Amore a Prima Vista: Love at First Ride
When I think about my favorite Classic — the one I dream about — the one that gets me really excited: I think of dirt roads. I think of Italy. I think of the Strade Bianche. Hands down, it’s our favorite race on the calendar. Here’s why:
HISTORY (IN THE MAKING)
The Strade Bianche just finished its eleventh edition. The fact that I’m even talking about it is miraculous when you consider how little things change in the pantheon of the great cycling races. It is because this race is so fantastic that it has become such an important race so quickly.
The honor role at the race is nothing to shrug at: Fabian Cancellara leads the way with three wins, Michal Kwiatkowski follows with two wins, then there are the one-time winners like Philippe Gilbert and Zdenek Stybar right behind. One name that isn’t on there yet, but will certainly make it at some point after a string of near misses: Peter Sagan.
LOCATION, LOCATION, LOCATION
The routes of races like the Ronde van Vlaanderen and Paris-Roubaix and Milano-Sanremo are amazing. They’re steeped in history, and they’re wonderful. However, they do not constitute what I would call much more than special occasion rides. The cobbles are great, but they’re not an everyday thing for most. When you get off the bike, you’re in Northern France or Flanders. I’m a huge fan of Flanders, but even my love for Flanders takes a backseat to Tuscany.
Let’s be honest here - nothing holds a candle to the Strade Bianche’s start and finish city of Siena. Siena is a treasure. It’s a labyrinth of tiny lanes emanating outward from the one of Europe’s great centers, the Piazza del Campo. If Siena isn’t enough for you, you’re just over an hour from Florence, and then countless of other small hilltop villages sprinkled throughout Tuscany. It’s a cornucopia of great.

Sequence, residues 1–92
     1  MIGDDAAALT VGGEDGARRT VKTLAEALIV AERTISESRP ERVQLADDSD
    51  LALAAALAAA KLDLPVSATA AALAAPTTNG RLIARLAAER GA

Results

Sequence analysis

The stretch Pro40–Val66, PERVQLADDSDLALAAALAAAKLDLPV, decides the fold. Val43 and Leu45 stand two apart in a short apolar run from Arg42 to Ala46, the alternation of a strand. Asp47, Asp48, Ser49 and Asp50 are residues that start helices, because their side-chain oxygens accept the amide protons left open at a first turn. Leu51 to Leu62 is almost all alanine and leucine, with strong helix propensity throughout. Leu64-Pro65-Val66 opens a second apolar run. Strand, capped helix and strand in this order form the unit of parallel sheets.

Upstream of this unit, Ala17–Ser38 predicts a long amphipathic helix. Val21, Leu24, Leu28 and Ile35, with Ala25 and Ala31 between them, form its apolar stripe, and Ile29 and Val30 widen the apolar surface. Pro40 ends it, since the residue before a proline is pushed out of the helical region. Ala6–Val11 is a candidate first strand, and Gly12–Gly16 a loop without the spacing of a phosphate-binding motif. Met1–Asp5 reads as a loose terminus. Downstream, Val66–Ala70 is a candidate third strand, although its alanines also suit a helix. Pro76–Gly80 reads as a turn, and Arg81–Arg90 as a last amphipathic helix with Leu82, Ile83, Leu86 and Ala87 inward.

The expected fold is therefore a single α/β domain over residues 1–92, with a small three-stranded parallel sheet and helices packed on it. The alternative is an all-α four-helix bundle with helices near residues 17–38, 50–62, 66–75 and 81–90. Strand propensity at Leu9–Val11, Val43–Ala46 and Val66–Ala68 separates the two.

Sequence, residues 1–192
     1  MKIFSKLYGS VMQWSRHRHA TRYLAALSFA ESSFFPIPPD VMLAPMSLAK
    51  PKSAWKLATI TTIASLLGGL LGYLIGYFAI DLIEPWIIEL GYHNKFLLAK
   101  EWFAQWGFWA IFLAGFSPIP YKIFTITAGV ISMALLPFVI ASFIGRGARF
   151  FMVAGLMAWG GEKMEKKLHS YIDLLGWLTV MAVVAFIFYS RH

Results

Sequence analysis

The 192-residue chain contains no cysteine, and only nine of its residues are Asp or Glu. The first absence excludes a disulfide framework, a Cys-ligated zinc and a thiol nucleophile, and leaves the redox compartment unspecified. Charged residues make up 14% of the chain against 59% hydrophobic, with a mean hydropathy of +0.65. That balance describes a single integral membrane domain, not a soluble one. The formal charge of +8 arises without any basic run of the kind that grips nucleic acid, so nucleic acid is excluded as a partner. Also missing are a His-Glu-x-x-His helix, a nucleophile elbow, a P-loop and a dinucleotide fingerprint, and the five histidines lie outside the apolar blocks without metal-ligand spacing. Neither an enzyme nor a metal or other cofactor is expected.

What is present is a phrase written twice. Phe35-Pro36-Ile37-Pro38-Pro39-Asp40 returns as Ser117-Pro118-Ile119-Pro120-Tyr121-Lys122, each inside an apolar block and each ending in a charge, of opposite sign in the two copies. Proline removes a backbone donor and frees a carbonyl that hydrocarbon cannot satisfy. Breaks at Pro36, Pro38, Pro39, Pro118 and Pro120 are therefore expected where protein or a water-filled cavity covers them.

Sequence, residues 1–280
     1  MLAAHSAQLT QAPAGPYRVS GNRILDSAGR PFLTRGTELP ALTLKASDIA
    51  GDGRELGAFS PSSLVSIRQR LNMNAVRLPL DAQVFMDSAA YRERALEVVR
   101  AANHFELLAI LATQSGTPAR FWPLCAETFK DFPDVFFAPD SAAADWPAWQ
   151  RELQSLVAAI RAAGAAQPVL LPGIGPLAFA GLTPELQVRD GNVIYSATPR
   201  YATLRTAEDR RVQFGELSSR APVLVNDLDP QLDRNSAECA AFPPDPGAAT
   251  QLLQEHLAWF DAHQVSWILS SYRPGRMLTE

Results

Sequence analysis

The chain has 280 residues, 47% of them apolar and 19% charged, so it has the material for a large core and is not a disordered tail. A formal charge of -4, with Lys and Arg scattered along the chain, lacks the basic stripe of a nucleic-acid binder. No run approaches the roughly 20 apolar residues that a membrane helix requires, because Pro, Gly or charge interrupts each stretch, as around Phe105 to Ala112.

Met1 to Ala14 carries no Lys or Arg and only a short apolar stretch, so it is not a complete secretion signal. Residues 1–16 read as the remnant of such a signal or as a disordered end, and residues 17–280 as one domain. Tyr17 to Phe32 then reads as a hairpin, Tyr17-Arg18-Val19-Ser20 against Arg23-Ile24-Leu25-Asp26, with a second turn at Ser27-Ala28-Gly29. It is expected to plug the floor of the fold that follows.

And if that isn’t enough, there’s the food. And the wine. I’ll just leave it at that.
THE BEST FINISH IN CYCLING
Siena is a great city — and the finish of the Strade Bianche is like no other. Sure, there are other more famous, more legendary finishes: take the Roubaix velodrome for example, or the Champs Elysees in Paris. Disregarding history and going purely for a finish that both yields amazing racing and jaw-dropping views - Siena wins. Riders approach Siena via first a normal road, then they pass through an ancient town gate, then the road turns to giant flat paving stones, then it pitches up at a maddening angle on the Via Santa Caterina. It’s on these slopes where the race reaches its climax. The climb maxes out at over 15% with fans packed just a few feet away up the length of the climb. The riders make a hard right at the top, and then it’s a mad dash through narrow streets before the race opens up one final time in the Piazza del Campo, it’s extraordinary.
A ROUTE LIKE NO OTHER
Before these final fireworks, riders are given the gift of Tuscany’s finest for over 100 miles. Every race has its thing - for the Northern Classics, it’s often cobbles or wind or both. For the Strade Bianche — it’s white roads — and often wind as well.
These roads are protected in Tuscany, and these roads in particular were made famous by L’Eroica. The vast portion of them are strung out through a notable area called the Crete Senesi, which consists of expansively open, never-ending rolling hills and roads that wind their way through - up, down, constantly changing, demanding everything of the riders: both to power themselves up the difficult climbs, but also for them to stay upright and attached to the group on the wild descents and turns.
The route is beautiful from start to finish, and it gets harder as the riders make their way back to Siena. The final two hours are some of the most difficult of the season with tough, decisive climbs, equally challenging downhills, and nary a moment to take a breath. It’s a rollercoaster of pain for the rider - and a rollercoaster of amazing for the fan.
In anything but short — this is a race to love. It’s a route worth riding. It’s an area worth spending some time in.